Skip to navigation | Skip to content

  1. Pagan News pdfs available

    The first four of the promised digitised editions of Pagan News are now available here on my archive website for downloading. The issues are: June 1988, December 1988, July & November 1989. Pagan News was fortunate, I suppose in retrospect, in that we started up just as the “Satanic Child Abuse” panic of the late 1980s started moving into the UK. The magazine’s news section deals with these developments, and other news items deemed to be of interest to pagan/occult folk. More pdfs will follow as and when I get time.

  2. Embodied knowledge – an opening shot

    Last Saturday, wandering into Treadwells whilst on one of my pre-xmas rounds I had an enlivening conversation with Ellie and Suzanne – mainly about what Suzanne’s recent (9th December) “Interview with a witch” evening was like. One theme that we batted around was that it’s fairly common for occult books to present information such as theories, correspondences, rituals, etc;, but still people appear to find it difficult to practice this information – to make it meaningful within their day-to-day lives. Continue reading »

  3. Context matters

    There are a number of issues relating to the practice of attributing western ‘meanings’ to Sanskrit terms. Continue reading »

  4. Experience -II: when worldviews collide

    I keep swinging back to a text which has had a massive influence on me – Berger & Luckmann’s The Social Construction of Reality – which develops Alfred Schutz’s “Common-Sense” interpretation of human action. Continue reading »

  5. The Anthropology of Magic

    My old friend Dr Susan Greenwood of Sussex University has just had a new book published – The Anthropology of Magic – available from Berg. Hopefully I’ll get round to reviewing it in the not-too-distant future, but in the meantime, here’s an interview with Susan from the excellent Pagans for Archeology blog. Susan will be giving a lecture on her work at Treadwells Bookshop on the 14th April, next year.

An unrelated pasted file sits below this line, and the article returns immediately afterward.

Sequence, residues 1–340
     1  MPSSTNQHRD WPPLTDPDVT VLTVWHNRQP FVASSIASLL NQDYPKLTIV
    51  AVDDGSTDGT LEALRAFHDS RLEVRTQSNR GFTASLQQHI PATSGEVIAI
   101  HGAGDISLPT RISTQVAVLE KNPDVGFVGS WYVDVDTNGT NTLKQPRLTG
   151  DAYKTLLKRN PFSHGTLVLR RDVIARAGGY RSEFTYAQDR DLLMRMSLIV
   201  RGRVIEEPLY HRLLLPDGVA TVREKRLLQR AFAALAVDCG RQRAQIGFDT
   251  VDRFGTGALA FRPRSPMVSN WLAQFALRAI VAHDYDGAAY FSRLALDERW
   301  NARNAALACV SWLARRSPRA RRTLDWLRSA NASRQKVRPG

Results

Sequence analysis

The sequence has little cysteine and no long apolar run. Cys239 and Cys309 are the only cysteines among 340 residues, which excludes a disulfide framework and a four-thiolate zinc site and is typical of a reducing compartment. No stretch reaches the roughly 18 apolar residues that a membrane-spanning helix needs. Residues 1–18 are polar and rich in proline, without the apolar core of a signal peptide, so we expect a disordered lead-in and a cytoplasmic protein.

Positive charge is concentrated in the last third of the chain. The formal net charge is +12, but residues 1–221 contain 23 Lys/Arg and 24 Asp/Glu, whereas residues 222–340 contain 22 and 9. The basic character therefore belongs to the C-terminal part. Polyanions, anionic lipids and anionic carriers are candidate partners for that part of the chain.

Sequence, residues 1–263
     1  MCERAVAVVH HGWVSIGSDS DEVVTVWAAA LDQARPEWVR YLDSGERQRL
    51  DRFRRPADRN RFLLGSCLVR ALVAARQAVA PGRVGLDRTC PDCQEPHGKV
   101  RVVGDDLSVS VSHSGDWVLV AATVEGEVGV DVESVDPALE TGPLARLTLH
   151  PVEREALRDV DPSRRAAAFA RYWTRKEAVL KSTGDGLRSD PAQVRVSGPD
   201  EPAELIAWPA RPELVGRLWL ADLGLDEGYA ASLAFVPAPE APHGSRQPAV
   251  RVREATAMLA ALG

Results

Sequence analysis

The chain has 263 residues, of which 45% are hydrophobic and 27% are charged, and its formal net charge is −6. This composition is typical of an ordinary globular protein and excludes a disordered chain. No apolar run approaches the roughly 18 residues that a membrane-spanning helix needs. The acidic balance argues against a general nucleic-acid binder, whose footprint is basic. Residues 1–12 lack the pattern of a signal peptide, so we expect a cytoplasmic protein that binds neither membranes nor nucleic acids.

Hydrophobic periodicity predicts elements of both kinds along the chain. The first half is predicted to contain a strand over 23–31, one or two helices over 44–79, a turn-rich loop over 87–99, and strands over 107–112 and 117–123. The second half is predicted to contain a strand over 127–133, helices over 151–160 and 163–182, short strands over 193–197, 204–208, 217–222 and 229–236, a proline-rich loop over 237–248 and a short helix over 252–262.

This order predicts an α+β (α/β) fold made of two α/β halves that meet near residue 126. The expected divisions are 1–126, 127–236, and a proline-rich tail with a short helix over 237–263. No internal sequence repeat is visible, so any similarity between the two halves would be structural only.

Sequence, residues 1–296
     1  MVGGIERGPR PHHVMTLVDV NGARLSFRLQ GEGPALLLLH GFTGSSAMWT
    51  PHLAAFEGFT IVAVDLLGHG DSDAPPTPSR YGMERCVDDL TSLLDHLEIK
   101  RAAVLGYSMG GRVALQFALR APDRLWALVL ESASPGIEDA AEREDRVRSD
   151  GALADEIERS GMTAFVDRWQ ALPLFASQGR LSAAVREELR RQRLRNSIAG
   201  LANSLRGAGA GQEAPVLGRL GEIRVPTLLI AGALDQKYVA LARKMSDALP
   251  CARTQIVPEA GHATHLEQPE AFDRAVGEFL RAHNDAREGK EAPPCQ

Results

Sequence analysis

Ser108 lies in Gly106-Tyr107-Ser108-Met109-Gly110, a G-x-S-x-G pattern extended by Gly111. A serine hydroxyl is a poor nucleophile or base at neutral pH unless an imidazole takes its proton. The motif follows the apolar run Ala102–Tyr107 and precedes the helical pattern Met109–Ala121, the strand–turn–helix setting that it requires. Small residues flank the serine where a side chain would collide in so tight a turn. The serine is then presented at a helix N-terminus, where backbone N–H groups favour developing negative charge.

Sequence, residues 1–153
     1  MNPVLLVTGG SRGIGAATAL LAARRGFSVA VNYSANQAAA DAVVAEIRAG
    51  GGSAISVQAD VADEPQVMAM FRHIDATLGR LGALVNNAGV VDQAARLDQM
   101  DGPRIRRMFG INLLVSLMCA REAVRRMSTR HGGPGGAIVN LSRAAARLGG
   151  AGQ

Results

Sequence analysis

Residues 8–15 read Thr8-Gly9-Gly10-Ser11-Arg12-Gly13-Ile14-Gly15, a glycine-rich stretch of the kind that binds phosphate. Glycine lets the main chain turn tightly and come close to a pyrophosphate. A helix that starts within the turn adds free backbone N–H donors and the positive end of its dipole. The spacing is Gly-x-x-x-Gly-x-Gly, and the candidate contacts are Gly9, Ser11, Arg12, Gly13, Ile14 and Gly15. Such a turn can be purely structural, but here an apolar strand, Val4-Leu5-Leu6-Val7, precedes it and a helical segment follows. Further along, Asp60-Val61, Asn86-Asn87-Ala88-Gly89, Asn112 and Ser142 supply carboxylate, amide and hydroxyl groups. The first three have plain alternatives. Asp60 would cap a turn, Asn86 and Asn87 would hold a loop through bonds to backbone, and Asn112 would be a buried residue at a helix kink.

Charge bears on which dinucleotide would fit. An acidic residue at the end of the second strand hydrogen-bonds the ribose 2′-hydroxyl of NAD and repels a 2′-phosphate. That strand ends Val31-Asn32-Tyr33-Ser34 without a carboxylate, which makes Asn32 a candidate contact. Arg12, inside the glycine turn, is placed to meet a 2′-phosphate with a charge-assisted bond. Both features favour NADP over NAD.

6. Dialogue

    When I first met Vishvanath (the guy who I affectionately refer to as my “guru” – knowing full well he squirms when I do this), we started a conversation about tantra (and everything else) which went on for a year or so. A conversation shaped through walks through local woodland and parks, in and out of pubs and each other’s rooms, criss-crossing the city night and day. It was the beginning of friendship; a forging of affinities. Continue reading »

  7. Much ado about Yoginis

    There’s an easily observed phenomena on the contemporary occult scene – the recuperation of new scholarship into existing knowledge discourses. A new book comes out – and gradually it seems, its presentation shifts from “this is new stuff” to “we’ve always known this to be the case” – and eventually (thinking of my earlier post this month) – “this isn’t just out of a book, I’ve experienced it directly.” Continue reading »

  8. Experience – I

    In occult practice (as with much else), it’s relatively easy to have an experience which appears to confirm one’s theories, whether they be implicit or explicit. Continue reading »

  9. Sri Vidya, Gender, Thealogy, Immanence – Some Notes

    “Creation arises in joy, abides in joy and returns to joy…  Lalita awakens the receptive soul to the bliss that underlies all things” Tantric Yoga and the Wisdom Goddesses  (1994: 89).

    I was standing in water the other day and the angle of it created a stream broken into drops, cascading from the end of my chin. Each drop chased the preceding one and, looking down at them, I was hit by amazement. Their light-catching, simple procession immersed me in immediate wonderment. But I was not bathing in a dramatic waterfall, merely showering on ordinary morning. Tantrism is a philosophy of the cultivation of everyday ecstasy. 
    Continue reading »

  10. A meditation on Lalita

    The Saundaryalahari (“Flood of Beauty”) is a key Srividya text, sometimes attributed to Sankara. Composed of 100 verses, it is usually divided into two parts – verses 1-41 and verses 42-100. The first section, sometimes called the Anandalahari (“Wave of Joy”) is concerned with the facets of Lalita sadhana – her image in external worship, but also her Yantra and mantra-modalities The verses can also be read in such a way as to relate them to the subtle mapping of chakras, nadis, etc. The Anandalahari is sometimes seen as originating directly from Siva, or Lalita Herself. Continue reading »